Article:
The final decision will be made by the league in conjunction with the IIHF, but Fasel knows who he wants. “As a Francophone who grew up as a Canadiens fan, it would be a dream for me to have the Canadiens,” he said during an interview in French on Tuesday. “But the decision is not up to me. We will have to talk with the league.”
The three-team series itself was unveiled officially during a news conference at the IIHF World Hockey Championship.
Fasel said the IIHF is seeking to “bridge the gap” between the North American and European hockey worlds and wants to work even more closely with the NHL.
An annual series in September between an NHL team, the European champion and at least one other European team is a start. The third team could come from the tournament’s host city, which will be chosen based on a bidding process and the strength of its local club.
Fasel made it clear that the IIHF is not interested in having teams in Europe compete for the Stanley Cup, but would one day like to have the Stanley Cup champion playing the European champion.
The first event will happen in the third week of September 2008 in a yet to be announced European location. The teams will compete for the Victoria Cup, which is named after the Victoria Skating Rink in Montreal where some believe hockey was first played.
As part of plans for the IIHF’s 100th anniversary in 2008, a small monument will be placed at the spot where the Victoria Skating Rink once was. It’s currently a building and parking lot for a rental car company.
The IIHF will also hold its general congress in Montreal after the completion of next year’s world championship in Halifax and Quebec City.
The Canadiens are the oldest hockey team in the world and celebrate their own centennial anniversary in 2009. They would be a perfect fit for what Fasel has in mind for the inaugural exhibition series.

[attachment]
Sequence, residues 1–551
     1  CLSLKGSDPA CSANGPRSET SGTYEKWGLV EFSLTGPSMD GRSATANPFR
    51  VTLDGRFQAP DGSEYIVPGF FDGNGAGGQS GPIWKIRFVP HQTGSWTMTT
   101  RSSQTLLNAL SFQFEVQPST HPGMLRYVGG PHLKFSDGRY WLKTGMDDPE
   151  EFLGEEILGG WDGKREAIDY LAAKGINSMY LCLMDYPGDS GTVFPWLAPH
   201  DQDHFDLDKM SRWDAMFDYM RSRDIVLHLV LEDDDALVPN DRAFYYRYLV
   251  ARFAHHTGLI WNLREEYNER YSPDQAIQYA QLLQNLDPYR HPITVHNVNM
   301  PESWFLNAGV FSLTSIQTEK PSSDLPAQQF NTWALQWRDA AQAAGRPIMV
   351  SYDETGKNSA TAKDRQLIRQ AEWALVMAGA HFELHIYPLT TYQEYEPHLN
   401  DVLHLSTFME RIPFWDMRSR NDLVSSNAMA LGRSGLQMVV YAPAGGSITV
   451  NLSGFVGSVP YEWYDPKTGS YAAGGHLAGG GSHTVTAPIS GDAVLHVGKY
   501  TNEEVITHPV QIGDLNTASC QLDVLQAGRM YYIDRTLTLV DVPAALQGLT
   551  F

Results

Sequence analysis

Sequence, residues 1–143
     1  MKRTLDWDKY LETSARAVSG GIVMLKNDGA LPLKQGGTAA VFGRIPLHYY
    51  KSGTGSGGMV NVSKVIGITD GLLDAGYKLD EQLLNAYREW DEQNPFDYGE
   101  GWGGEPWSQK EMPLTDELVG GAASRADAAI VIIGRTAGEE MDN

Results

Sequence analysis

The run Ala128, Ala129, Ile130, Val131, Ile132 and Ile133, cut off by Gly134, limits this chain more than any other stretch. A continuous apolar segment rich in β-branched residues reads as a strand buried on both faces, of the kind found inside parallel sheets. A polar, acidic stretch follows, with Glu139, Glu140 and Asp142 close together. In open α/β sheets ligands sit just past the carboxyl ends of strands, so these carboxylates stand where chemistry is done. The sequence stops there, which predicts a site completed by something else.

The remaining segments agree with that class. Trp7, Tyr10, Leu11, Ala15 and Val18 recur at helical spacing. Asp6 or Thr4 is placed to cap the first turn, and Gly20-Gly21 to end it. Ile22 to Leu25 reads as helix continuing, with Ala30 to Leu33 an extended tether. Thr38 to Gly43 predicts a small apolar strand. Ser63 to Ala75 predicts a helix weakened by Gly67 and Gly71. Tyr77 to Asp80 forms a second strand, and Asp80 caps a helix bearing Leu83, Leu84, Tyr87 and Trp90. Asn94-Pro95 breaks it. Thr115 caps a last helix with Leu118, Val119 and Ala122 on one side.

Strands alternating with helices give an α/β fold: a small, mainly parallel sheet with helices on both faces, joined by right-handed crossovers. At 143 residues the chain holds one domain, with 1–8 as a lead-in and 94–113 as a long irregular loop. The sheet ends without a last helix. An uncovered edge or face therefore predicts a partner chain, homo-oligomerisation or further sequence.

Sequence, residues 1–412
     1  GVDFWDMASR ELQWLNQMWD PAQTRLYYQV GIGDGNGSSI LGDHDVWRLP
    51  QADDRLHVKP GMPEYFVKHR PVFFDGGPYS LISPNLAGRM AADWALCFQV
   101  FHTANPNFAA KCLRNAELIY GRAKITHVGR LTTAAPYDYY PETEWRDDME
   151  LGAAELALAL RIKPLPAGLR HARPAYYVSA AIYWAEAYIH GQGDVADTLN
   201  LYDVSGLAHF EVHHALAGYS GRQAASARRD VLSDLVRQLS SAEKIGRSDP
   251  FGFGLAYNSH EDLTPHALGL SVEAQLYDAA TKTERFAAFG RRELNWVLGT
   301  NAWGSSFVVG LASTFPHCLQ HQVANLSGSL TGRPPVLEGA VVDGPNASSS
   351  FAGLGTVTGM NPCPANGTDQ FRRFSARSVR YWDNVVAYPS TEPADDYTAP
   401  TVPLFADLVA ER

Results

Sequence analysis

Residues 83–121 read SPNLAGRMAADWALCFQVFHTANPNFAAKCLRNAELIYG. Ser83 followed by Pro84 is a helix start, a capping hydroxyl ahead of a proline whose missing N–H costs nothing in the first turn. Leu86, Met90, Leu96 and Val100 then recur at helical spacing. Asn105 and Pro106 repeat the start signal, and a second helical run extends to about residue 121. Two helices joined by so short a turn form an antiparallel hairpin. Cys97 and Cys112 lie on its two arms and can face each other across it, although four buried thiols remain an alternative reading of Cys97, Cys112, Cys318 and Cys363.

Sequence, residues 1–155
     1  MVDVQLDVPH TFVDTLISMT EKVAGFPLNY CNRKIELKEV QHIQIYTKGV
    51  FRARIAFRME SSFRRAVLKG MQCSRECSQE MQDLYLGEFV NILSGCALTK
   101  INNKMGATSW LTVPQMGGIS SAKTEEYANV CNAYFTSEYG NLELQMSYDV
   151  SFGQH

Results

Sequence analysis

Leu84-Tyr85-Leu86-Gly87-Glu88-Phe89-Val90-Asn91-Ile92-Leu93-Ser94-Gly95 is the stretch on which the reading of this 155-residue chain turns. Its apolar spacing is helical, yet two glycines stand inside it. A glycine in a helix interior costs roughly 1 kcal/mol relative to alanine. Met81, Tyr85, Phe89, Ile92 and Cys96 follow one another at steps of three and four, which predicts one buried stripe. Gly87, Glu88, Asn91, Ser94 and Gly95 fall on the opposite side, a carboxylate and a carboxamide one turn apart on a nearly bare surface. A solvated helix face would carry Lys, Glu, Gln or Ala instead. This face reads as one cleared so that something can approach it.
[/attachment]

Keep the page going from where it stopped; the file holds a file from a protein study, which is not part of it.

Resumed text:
“We’d like to have a team that has a great history behind it like the Original Six teams do,” he said.
The IIHF expects the decision about which NHL team will play in the event to be made by December.
The first European team that competes in 2008 will be the winner of the European Champions Cup tournament next January in St. Petersburg, Russia.
The teams will be playing for a first prize of roughly C$900,000, with a total of C$15.3 million distributed throughout the tournament.
Starting in 2008-09, the IIHF has developed the format for a Champions Hockey League that will determine one of the European challengers.
Horst Lichtner, general secretary of the IIHF, hopes the new European league will help hockey teams start building brands like their soccer counterparts have.
“I think it’s a great opportunity for the European clubs,” said Lichtner, who was the marketing chief of the 2006 World Cup in Germany.
The North Americans could also potentially benefit from an increased presence in Europe.
Andy Murray, who coaches the NHL’s St. Louis Blues, says he wouldn’t be upset if the league chose his team to participate. Forward Rick Nash also wouldn’t mind if the NHL picked his Columbus Blue Jackets.
“I think it would be great for marketing, for the fans . . . and to see how both leagues kind of stand up,” said Nash.
The IIHF is taking an ambitious approach to its “centennial celebrations.”
In addition to the September series and holding the first ever world championship in Canada, it will:
-officially recognize the 18 players who have won Olympic gold, world championship gold and the Stanley Cup. That group includes Canadians Joe Sakic, Brendan Shanahan, Rob Blake and Scott Niedermayer.
-poll 50 experts to help name a centennial all-star team.
-construct an outdoor rink at the IIHF headquarters in Zurich.
Forging stronger ties with the NHL is also a priority.
Fasel has been the IIHF president since 1994 and has seen that relationship improve dramatically. And there’s still plenty of room for growth.
“We have to improve (the relationship) even more,” said Fasel. “And we will. I think we have to work together to be strong together.”